What change do you want to see in the world? What’s important to you? How are you working toward it?
Back in 2018, I was standing with a colleague on the mezzanine above the Loblaws at St. Clair and Bathurst in Toronto. As we looked out over the vista of colourful food and drink, she asked me, “Do you think our kids will have this kind of variety and availability?” A good question, an important question, and one I did not feel I could answer in the affirmative.
I’ve been changing organizations since I started working as an OD consultant in 1994 (!) – back then I was in healthcare, and since then I have worked in many industries. It’s hard, rewarding work, where the game is to find a way to change that is livable during the change and sustainable afterward. As time has gone on and change has become constant, these methods are a way to survive and thrive.
Since that day overlooking the bounty of food up on the mezzanine, I noted to myself: “Change is hard, but possible. Where do I want to apply my efforts?” Working with the Pollinate team, we decided to focus on the people making the positive changes we want to see come to fruition for us and for the next generation. We support many amazing organizations, and among them, Pollinate has made a dedicated effort to support the development of sustainable food. We all gotta eat. The challenges facing all industries are impacting our food companies and food systems – inflation, labour shortages, and productivity loss. A LinkedIn article by FoodDocs lays out the issues with some expert commentary here. We’ve all felt the impact by now.
How to become part of the solution?
As a long time observer of the food and ag industry, I can tell you that money, time, and talent are often scarce. So we do all we can to make these elements (money, time, talent) go as far as they can. To make a major impact on these areas we need to take a posture of mentoring and collaboration.
- Ensure those with energy to move forward and create solutions have the support they need.
- Connect people for inspiration and information – keep the knowledge flowing.
- Set and track goals.
- Coordinate the ecosystem to ensure any support systems are all pulling in the same direction.
We’ve had the amazing privilege of supporting food and agriculture entrepreneurs through forward thinking organizations like Dairy Farmers of Ontario, NGEN (Next Generation Manufacturing Cluster), Farm Credit Canada, and the International Fresh Produce Association (IFPA).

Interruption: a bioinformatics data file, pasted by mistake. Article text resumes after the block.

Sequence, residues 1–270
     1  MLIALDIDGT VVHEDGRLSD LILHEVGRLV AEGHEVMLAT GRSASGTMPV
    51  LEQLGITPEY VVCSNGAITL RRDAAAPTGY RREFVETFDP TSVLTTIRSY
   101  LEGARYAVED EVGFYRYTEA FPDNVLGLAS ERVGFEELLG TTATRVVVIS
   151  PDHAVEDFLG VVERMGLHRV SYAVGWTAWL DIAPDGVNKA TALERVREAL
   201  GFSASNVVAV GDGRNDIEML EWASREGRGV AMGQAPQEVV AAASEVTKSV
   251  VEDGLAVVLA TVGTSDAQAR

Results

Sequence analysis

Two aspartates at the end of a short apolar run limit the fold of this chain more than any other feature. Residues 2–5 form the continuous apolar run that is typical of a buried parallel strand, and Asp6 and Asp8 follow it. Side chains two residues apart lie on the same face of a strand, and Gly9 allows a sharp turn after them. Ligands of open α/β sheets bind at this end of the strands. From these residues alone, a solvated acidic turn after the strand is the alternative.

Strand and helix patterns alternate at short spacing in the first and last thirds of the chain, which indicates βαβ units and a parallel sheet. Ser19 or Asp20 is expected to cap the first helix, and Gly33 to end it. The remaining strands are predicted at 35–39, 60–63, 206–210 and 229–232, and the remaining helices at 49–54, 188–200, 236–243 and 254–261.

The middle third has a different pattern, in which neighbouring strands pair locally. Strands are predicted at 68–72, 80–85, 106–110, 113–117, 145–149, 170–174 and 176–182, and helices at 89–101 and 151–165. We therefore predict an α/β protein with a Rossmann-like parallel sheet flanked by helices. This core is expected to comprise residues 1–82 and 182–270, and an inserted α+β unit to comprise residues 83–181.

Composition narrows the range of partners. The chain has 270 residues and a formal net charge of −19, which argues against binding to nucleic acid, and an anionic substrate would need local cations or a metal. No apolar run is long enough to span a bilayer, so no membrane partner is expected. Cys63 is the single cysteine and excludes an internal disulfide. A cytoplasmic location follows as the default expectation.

I knew back in 2018 that we needed to hone our approach to focus on the things that would matter most in change efforts. Based on all of our research, this focus became giving people the ability to find who and what they need when they need it. Mentoring, collaboration, and wayfinding are the tools we use, and the impact has been dramatic. For one food entrepreneurship program, we’ve made thousands of connections between people via our matching system and have seen 40 new companies successfully into the market – making over 400 connections for them to speed them on their way. In another project we were able to create a knowledge and know-how map of several hundred food and agriculture companies, who then were able to link into appropriate support (mentors, experts) to make gains on their plans for being more ecological, and to refocus on local markets. We’ve supported the development of peer groups nationally to support farmers with succession, mental health operations, and finance. Farmers and entrepreneurs aren’t the only folks we’re focused on. As you’ll read about in the case study for this month, we are now able to match hundreds of people together to accelerate careers and network industries together around topics that are vital to them.
As above, I’ve been at this change and transformation game a long time. Through my own experiences and observations, I can’t point to anything that moves things forward more than sharing knowledge and taking collective action. Mentorship and collaboration, when done well, does in fact move mountains. It seems a small thing to get together and share with purpose, but I assure you, it can be powerful, especially when coordinated and framed in a supportive, but light, structure.
If you are ready to make changes in your corner of the world, give us a call. Pollinate is focused on getting people together to get important things done. Our main modality is mentorship. Our skills are to teach people to collaborate well and to apply enough coordination to programs to make them seamless – without stifling creativity.
Christy Pettit is Chief Executive Officer and co-founder of Pollinate Networks Inc.
For 25 years, Christy has developed new approaches and best practices for agile, effective organizations worldwide. She is an expert on matching people and organizations for applications including knowledge transfer and mentorship programs, flexible virtual and hybrid teams, and productive organizational and business ecosystems and networks.